© 2024 Kansas City Public Radio
NPR in Kansas City
Play Live Radio
Next Up:
0:00 0:00
Available On Air Stations

U.S. Census To Leave Sexual Orientation, Gender Identity Questions Off New Surveys

Gender-neutral signs are posted outside public restrooms at the 21c Museum Hotel in Durham, N.C. The Census Bureau says it is not planning to ask about gender identity or sexual orientation in the 2020 Census.
Sara D. Davis
Getty Images
Gender-neutral signs are posted outside public restrooms at the 21c Museum Hotel in Durham, N.C. The Census Bureau says it is not planning to ask about gender identity or sexual orientation in the 2020 Census.

The U.S. Census Bureau published a list on Tuesday of more than 50 planned topics of questions for the 2020 Census and the American Community Survey.

Hours after it first appeared online, one of those topics was removed from a revised report: sexual orientation and gender identity, which was listed as "proposed" on the second-to-last page of the original report.

In a written statement, a Census Bureau spokesperson says the report "inadvertently listed sexual orientation and gender identity as a proposed topic in the appendix. This topic is not being proposed to Congress for the 2020 Census or American Community Survey."

Questionnaires for the census and the American Community Survey have not asked for sexual orientation and gender identity before, although the bureau has collected information about same-sex couples based on answers to questions about a respondent's sex and relationship to other people in a household.

Many LGBT rights groups were disappointed to see the topic disappear from that list. Reliable data about the lesbian, gay, bisexual and transgender community are hard to come by, and advocates say policymakers need that information to make informed decisions.

"We feel like it's a lost opportunity," says Meghan Maury, director of the Criminal and Economic Justice Project at the National LGBTQ Task Force.

Maury sees the Census Bureau's decision as part of a pattern of recent moves by the Trump administration to remove questions about sexual orientation from other surveys by federal agencies including the Department of Health and Human Services, as the Associated Press recently reported.

The Census Bureau's director, John Thompson, published a blog post on Wednesday to explain why the bureau decided to not include questions about sexual orientation or gender identity in its upcoming surveys:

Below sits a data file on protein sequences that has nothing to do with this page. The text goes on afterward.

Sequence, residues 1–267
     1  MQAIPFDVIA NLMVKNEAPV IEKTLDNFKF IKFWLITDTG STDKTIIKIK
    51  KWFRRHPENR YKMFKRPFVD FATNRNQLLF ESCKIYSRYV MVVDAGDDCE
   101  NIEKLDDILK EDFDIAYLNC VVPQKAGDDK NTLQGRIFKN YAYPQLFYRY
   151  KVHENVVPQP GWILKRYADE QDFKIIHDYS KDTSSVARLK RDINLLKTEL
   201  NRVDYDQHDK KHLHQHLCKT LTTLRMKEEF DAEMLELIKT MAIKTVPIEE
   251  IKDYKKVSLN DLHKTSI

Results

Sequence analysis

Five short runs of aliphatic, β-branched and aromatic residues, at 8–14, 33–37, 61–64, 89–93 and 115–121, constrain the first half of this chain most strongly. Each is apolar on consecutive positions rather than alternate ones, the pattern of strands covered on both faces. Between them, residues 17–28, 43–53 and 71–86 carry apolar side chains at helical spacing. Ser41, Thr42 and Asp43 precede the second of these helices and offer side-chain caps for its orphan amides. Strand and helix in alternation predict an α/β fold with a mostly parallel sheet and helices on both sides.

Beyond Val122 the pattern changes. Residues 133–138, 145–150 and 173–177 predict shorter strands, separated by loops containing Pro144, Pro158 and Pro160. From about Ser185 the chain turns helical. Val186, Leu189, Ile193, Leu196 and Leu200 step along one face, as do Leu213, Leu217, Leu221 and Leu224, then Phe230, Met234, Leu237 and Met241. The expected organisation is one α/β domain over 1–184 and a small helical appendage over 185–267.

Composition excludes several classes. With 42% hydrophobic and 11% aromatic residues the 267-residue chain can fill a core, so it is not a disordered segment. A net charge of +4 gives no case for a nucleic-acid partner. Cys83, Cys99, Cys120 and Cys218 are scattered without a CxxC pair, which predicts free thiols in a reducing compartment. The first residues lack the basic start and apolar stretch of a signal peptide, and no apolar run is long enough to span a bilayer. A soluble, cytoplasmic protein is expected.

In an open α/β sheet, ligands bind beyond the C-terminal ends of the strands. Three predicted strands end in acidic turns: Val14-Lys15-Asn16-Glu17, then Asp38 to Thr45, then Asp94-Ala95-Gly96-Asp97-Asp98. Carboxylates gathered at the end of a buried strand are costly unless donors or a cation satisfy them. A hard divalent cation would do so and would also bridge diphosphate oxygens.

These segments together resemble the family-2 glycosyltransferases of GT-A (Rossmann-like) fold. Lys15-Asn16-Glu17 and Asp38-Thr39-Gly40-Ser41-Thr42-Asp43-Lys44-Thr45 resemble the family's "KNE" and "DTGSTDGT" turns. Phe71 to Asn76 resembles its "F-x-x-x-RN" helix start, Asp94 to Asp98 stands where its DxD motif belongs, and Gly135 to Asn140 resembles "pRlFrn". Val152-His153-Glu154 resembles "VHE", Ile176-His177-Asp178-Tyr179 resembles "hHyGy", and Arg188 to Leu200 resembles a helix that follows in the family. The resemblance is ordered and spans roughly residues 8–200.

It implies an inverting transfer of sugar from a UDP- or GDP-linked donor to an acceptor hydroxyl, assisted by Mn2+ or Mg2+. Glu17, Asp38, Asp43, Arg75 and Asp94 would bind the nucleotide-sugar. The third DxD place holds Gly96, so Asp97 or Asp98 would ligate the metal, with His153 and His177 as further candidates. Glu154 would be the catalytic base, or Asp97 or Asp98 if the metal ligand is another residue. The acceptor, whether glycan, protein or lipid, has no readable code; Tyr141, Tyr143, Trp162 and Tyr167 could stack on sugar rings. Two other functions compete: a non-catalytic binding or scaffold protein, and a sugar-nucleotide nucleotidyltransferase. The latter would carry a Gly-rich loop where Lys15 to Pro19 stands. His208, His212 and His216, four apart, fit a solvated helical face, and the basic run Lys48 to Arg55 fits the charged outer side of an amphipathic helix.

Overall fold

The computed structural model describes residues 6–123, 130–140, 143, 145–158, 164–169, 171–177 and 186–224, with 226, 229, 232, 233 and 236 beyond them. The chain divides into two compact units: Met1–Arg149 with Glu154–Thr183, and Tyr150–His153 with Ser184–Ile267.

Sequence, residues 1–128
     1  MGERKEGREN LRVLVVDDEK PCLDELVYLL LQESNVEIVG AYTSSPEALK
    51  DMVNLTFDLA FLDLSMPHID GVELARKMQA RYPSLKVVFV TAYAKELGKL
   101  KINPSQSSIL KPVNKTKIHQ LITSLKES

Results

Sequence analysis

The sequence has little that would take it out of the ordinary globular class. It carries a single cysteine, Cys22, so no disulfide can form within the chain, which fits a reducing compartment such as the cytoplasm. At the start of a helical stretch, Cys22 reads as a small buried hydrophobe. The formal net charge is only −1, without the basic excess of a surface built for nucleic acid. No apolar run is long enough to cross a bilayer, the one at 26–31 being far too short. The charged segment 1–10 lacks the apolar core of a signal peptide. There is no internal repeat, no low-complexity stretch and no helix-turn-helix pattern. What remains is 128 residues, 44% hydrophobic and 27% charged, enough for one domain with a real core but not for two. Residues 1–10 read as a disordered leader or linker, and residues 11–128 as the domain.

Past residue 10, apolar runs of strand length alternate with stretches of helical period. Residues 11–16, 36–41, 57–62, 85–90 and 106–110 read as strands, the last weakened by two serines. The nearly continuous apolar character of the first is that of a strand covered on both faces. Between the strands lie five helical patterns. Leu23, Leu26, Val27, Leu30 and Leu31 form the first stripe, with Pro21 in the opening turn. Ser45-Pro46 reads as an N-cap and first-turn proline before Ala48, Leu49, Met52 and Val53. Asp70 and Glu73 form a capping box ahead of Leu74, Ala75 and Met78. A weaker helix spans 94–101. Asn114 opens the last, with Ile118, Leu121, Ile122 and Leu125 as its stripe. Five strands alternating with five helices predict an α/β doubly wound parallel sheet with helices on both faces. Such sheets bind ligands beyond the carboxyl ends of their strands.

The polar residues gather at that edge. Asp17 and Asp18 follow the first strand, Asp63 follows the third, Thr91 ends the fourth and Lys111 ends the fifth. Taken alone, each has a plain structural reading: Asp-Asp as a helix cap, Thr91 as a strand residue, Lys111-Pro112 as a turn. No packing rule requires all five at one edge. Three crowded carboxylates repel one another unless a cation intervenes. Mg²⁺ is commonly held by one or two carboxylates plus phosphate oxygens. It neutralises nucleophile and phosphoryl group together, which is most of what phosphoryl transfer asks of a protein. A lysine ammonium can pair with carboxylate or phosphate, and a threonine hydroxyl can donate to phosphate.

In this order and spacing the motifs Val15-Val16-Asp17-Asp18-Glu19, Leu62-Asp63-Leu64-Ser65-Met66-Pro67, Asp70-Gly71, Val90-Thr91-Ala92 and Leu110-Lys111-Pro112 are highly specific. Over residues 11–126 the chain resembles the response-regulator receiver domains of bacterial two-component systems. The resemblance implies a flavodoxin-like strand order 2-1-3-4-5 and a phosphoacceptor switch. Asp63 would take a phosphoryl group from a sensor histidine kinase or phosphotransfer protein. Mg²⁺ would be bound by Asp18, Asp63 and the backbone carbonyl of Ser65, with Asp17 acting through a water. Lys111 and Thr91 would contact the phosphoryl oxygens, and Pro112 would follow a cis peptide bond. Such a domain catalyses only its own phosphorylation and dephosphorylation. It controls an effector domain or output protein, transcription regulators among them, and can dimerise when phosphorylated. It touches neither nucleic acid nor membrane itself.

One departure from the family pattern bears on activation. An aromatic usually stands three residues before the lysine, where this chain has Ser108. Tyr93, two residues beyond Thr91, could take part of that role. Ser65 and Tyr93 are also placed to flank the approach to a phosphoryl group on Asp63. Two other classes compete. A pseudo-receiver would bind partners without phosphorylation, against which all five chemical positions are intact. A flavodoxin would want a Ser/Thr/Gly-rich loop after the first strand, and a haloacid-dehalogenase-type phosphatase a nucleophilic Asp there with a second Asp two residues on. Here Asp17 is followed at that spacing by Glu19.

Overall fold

"In April 2016, more than 75 members of Congress wrote to the Census Bureau to request the addition of sexual orientation and gender identity as a subject for the American Community Survey. We carefully considered this thoughtful request and again worked with federal agencies and the [Office of Management and Budget] Interagency Working Group on Measuring Sexual Orientation and Gender Identity to determine if there was a legislative mandate to collect this data. Our review concluded there was no federal data need to change the planned census and [American Community Survey] subjects."

Still, Maury says she's not convinced that the appearance of "sexual orientation and gender identity" in Tuesday's report was just a typo. "Leaving something off of a list, that can be a typo. But this was added to a list for some reason," she says.

The Census Bureau is required by law to share a report of planned topics to Congress three years before the roll-out of a new census of every resident in the U.S. The report also includes subjects for questions in the American Community Survey, which is conducted every year with about 3 million households.

New questions are added more frequently to the American Community Survey than the census. Maury says that could give the bureau some leeway to start asking questions about sexual orientation and gender identity without having to wait until the 2030 Census.

But she warns that even small delays in collecting this information can have large consequences, especially within the LGBT community.

"They're read by many people in our community as saying affirmatively that we don't count, that we don't matter," she says. "Decisions like this really contribute to that feeling that we're invisible."

Copyright 2020 NPR. To see more, visit https://www.npr.org.

Hansi Lo Wang is a national correspondent for NPR based in New York City. He reports on the people, power and money behind the 2020 census.
KCUR serves the Kansas City region with breaking news and award-winning podcasts.
Your donation helps keep nonprofit journalism free and available for everyone.